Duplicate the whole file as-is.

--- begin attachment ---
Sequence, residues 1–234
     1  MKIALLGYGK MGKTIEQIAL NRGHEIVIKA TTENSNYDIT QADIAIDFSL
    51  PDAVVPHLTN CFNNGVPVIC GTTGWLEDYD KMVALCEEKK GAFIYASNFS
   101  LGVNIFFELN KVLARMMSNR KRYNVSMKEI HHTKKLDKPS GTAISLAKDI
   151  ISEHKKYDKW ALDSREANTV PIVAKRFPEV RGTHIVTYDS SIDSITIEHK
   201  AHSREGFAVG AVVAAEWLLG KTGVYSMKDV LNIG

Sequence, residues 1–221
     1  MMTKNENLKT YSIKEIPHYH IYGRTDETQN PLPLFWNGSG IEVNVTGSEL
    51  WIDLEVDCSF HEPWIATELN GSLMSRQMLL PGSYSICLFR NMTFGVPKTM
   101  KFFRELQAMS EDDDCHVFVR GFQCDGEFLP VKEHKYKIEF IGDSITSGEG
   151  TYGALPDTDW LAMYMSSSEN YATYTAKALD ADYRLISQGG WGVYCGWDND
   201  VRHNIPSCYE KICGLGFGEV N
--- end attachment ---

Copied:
Sequence, residues 1–234
     1  MKIALLGYGK MGKTIEQIAL NRGHEIVIKA TTENSNYDIT QADIAIDFSL
    51  PDAVVPHLTN CFNNGVPVIC GTTGWLEDYD KMVALCEEKK GAFIYASNFS
   101  LGVNIFFELN KVLARMMSNR KRYNVSMKEI HHTKKLDKPS GTAISLAKDI
   151  ISEHKKYDKW ALDSREANTV PIVAKRFPEV RGTHIVTYDS SIDSITIEHK
   201  AHSREGFAVG AVVAAEWLLG KTGVYSMKDV LNIG

Sequence, residues 1–221
     1  MMTKNENLKT YSIKEIPHYH IYGRTDETQN PLPLFWNGSG IEVNVTGSEL
    51  WIDLEVDCSF HEPWIATELN GSLMSRQMLL PGSYSICLFR NMTFGVPKTM
   101  KFFRELQAMS EDDDCHVFVR GFQCDGEFLP VKEHKYKIEF IGDSITSGEG
   151  TYGALPDTDW LAMYMSSSEN YATYTAKALD ADYRLISQGG WGVYCGWDND
   201  VRHNIPSCYE KICGLGFGEV N